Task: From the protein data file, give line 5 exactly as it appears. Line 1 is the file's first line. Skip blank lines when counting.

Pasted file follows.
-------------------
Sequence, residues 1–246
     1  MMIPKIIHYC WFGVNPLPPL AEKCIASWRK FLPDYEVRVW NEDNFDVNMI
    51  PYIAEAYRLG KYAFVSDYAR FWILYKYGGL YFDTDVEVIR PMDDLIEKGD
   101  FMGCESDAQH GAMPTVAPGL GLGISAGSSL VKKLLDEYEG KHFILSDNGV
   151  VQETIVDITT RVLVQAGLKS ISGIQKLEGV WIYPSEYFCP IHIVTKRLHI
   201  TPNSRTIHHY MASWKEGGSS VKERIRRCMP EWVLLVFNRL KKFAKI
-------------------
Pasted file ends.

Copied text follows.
   151  VQETIVDITT RVLVQAGLKS ISGIQKLEGV WIYPSEYFCP IHIVTKRLHI